Complexity in structure was not really a necessity for The Terminator, for the villains and heroes are so easily distinguishable. The mechanized embodiment of the terror is also a convenient excuse for a sparse electronic score that rarely attempts any meaningful depth in the soundscape. The suspense cues require little more than ambient droning to suggest the inevitable, and Fiedel's quite loops here are thus effective. More grating is his explicit chasing material, which tends to ramble obnoxiously in an extremely constricted series of jabs and blasts. Synthetic orchestra hits were acceptable at the time, but they do acutely cheapen the proceedings. The drum pad hits are a little easier to handle in retrospect, and Fiedel's imitations of wailing sirens and screeching tires basically function in "Garage Chase" and "Tunnel Chase." Several coherent musical identities used consistently by Fiedel cause The Terminator to be more satisfactory in terms of its application than his sequel score in 1991. The title theme speaks for itself, a harmonically romantic piece of pretty simplicity that represents the developing bond between the targeted Sarah Conner and Kyle Reese, her protector. The title sequences use this theme over the score's various rhythmic devices and droning sound effects. Its keyboarding is a bit more raw here than it would be in Terminator 2: Judgement Day, the only real comparative asset of the second score. The theme is translated to piano for the actual love scene between Conner and Reese, reprised in somber, deceptively redemptive fashion in "Death by Fire." Long fragments of this theme are bittersweet in their piano performances in "Sarah's Destiny" at the conclusion of the picture. The very basic counterpoint in this theme's love scene performance is slightly irritating in its volume. The terminator itself is represented by a rhythmic series of thumps that differs in its construct throughout this score and the sequel. In the title sequences, the machine's rhythm consists of three sets of pairs on key followed by a short pair of bridge notes; this motif would be shortened by one note for the sequel, interestingly. In the actual underscore of The Terminator, however, Fiedel cuts this motif back to a more simplistic, four linear notes that function like the relentless heartbeat of the machine.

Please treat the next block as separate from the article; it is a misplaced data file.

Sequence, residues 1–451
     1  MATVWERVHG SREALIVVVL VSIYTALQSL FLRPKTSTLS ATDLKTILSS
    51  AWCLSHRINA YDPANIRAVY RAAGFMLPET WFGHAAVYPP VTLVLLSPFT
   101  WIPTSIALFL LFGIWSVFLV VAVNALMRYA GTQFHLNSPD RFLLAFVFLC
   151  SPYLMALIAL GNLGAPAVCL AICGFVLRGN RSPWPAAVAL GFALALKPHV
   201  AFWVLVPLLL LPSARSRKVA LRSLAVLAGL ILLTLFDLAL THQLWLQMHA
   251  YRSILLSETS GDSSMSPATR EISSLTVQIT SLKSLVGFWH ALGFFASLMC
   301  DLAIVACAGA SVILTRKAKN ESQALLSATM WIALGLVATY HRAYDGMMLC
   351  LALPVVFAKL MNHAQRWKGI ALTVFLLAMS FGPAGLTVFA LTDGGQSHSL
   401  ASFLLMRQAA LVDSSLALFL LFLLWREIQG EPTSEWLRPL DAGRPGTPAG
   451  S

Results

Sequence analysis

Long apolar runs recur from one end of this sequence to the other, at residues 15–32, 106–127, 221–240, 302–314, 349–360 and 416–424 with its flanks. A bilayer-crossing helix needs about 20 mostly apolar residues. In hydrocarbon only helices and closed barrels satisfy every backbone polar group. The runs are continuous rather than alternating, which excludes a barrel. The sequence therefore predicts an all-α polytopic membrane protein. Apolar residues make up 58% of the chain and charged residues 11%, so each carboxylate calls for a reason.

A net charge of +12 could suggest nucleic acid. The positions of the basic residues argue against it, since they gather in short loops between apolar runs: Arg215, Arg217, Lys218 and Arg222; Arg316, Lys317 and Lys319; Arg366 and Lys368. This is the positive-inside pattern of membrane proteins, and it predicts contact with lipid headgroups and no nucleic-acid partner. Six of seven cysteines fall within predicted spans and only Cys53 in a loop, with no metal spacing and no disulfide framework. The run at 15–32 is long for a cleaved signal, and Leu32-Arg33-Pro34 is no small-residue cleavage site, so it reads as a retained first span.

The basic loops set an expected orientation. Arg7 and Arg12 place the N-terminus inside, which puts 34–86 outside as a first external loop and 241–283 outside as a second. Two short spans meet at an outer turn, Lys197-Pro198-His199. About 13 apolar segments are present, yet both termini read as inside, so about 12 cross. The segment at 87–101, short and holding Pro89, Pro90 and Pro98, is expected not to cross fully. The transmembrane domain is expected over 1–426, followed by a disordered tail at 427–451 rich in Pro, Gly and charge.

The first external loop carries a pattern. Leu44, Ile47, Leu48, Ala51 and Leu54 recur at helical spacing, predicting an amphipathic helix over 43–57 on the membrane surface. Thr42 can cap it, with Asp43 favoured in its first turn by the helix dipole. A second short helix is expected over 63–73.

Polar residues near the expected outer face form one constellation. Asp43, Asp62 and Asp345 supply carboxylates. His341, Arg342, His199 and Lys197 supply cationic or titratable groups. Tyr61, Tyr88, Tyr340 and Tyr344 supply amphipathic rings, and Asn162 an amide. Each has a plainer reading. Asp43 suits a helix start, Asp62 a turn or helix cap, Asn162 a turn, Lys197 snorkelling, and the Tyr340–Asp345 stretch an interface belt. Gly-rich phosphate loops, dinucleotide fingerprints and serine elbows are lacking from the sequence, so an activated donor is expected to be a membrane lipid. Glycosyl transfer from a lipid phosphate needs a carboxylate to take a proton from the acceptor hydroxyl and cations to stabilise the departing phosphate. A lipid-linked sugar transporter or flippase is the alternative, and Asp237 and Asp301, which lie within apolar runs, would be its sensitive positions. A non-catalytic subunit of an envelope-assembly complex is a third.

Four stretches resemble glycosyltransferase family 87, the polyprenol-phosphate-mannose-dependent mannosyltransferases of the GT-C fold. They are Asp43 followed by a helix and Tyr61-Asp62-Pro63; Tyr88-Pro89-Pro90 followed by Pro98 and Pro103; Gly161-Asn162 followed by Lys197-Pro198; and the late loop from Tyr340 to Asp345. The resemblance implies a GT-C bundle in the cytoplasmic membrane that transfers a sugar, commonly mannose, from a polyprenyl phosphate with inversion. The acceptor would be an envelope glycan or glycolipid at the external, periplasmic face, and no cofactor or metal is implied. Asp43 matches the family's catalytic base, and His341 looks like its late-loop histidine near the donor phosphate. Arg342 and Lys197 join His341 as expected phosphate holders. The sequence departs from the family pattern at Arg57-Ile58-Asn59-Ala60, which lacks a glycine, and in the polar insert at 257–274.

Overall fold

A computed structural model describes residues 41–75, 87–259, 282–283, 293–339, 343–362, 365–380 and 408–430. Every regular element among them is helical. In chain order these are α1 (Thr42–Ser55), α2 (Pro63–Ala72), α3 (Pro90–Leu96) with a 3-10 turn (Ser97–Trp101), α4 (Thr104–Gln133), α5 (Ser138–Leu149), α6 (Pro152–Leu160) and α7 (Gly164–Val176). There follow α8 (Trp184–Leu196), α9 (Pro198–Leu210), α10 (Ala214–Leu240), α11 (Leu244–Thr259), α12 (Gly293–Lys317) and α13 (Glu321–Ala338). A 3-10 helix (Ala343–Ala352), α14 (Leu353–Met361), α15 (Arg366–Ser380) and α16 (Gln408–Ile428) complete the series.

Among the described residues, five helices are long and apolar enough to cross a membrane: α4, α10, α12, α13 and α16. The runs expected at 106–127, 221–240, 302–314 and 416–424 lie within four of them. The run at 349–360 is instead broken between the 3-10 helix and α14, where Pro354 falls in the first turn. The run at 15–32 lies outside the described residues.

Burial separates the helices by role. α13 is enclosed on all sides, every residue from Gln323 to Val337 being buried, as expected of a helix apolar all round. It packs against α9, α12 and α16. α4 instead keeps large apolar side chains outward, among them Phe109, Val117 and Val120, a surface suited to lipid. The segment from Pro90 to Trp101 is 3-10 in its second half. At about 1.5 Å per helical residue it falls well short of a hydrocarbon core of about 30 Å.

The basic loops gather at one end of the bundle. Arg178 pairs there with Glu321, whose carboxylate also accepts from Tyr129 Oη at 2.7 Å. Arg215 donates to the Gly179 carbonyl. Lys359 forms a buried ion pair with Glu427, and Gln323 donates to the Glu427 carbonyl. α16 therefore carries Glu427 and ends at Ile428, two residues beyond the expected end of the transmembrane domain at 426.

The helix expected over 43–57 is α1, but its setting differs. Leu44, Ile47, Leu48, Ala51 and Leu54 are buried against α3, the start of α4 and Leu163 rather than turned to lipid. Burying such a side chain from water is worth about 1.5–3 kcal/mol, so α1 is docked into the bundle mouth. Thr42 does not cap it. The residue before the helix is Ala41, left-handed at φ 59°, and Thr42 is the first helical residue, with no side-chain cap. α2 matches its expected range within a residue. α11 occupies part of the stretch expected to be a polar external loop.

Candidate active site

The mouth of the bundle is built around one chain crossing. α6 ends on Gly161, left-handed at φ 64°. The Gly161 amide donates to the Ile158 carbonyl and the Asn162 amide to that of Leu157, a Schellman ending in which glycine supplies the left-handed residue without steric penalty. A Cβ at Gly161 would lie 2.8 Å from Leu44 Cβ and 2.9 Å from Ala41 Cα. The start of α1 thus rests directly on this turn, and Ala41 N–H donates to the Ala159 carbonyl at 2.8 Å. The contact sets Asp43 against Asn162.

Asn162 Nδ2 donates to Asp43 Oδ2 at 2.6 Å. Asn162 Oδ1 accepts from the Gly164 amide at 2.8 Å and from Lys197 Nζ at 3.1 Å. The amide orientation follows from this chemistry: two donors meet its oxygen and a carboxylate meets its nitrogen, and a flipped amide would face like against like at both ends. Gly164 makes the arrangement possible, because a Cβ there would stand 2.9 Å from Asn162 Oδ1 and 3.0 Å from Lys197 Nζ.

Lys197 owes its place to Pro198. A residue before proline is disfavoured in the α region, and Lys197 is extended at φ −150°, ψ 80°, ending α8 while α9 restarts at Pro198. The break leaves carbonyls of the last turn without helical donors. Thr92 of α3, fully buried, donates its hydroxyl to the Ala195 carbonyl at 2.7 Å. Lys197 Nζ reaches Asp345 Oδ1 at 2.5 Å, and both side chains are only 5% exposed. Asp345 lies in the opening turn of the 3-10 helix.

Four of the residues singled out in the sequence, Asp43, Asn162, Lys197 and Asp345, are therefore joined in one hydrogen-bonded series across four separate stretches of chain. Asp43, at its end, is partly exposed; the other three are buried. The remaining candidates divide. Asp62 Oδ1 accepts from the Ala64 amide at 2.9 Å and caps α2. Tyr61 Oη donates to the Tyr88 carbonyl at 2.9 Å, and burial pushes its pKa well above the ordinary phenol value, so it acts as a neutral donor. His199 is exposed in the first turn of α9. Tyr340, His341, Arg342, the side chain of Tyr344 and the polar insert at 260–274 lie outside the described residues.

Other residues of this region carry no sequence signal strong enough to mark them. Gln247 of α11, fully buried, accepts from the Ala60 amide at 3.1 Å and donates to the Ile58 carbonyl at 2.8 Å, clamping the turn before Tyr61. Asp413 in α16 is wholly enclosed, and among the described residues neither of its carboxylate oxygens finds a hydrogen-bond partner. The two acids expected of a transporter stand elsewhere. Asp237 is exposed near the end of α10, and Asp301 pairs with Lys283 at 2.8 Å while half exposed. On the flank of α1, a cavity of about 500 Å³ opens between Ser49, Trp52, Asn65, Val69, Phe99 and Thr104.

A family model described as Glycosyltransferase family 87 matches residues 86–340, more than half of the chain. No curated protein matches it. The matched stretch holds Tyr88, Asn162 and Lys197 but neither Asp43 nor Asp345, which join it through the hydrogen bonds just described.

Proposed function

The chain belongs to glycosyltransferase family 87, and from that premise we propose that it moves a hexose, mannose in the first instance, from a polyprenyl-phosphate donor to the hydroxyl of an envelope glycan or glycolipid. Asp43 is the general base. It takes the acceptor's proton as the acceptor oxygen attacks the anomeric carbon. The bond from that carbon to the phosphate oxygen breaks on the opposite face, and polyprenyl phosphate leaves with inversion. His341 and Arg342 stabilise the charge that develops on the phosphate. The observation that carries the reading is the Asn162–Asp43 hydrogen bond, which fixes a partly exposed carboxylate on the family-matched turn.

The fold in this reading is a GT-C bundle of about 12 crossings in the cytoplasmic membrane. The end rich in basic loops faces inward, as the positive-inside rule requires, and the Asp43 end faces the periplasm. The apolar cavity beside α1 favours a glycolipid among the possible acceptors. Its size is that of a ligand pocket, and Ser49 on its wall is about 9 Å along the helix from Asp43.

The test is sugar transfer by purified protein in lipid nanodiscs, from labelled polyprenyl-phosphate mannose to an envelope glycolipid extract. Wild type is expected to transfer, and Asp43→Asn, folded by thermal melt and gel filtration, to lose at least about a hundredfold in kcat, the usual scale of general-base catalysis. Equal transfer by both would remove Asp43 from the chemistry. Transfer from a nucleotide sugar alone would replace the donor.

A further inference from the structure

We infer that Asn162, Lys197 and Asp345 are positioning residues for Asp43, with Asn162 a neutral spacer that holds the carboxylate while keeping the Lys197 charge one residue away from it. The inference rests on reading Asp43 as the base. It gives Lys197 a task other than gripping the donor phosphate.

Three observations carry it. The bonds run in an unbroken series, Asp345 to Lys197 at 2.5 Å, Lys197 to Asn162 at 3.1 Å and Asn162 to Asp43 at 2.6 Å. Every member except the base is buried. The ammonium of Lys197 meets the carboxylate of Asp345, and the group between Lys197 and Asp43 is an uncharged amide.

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VIEWER RATINGS
412 TOTAL VOTES
Average: 3.09 Stars
***** 87 5 Stars
**** 79 4 Stars
*** 97 3 Stars
** 83 2 Stars
* 66 1 Stars
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Terminator 2016 Release
Strephon Alkhalikoi - November 6, 2016, at 6:49 a.m.
1 comment  (189 views)
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Track Listings Icon
TRACK LISTINGS AND AUDIO
Audio Samples   ▼
1991 Cinemaster Album Tracks   ▼Total Time: 34:42
• 1. The Terminator Theme (4:18)
• 2. Terminator Arrival (2:28)
• 3. Tunnel Chase (2:45)
• 4. Love Scene (1:09)
• 5. Future Remembered (2:24)
• 6. Factory Chase (3:50)
• 7. You Can't Do That - performed by Tahnee Cain and Tryanglz (3:23)
• 8. Burnin' in the Third Degree - performed by Tahnee Cain and Tryanglz (3:29)
• 9. Pictures of You - performed by Jay Fergusson and 16mm (3:54)
• 10. Photoplay - performed by Tahnee Cain and Tryanglz (3:30)
• 11. Intimacy - performed by Linn Van Hek (3:34)
1994/1995 Edel Albums Tracks   ▼Total Time: 71:03
2016 Milan Albums Tracks   ▼Total Time: 68:31

Notes Icon
NOTES AND QUOTES
Only the 1994/1995 and 2016 albums include extra information about the score and film. Alternate pressings of the 1994/1995 album use "Definitive Edition" and "Definite Edition" on the front cover.
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The reviews and other textual content contained on the filmtracks.com site may not be published, broadcast, rewritten
or redistributed without the prior written authority of Christian Clemmensen at Filmtracks Publications. All artwork and sound clips from The Terminator are Copyright © 1991, 1994, 1995, 2016, Cinemaster, Edel/Cinerama, Milan Records and cannot be redistributed without the label's expressed written consent. Page created 10/9/09 and last updated 7/3/17.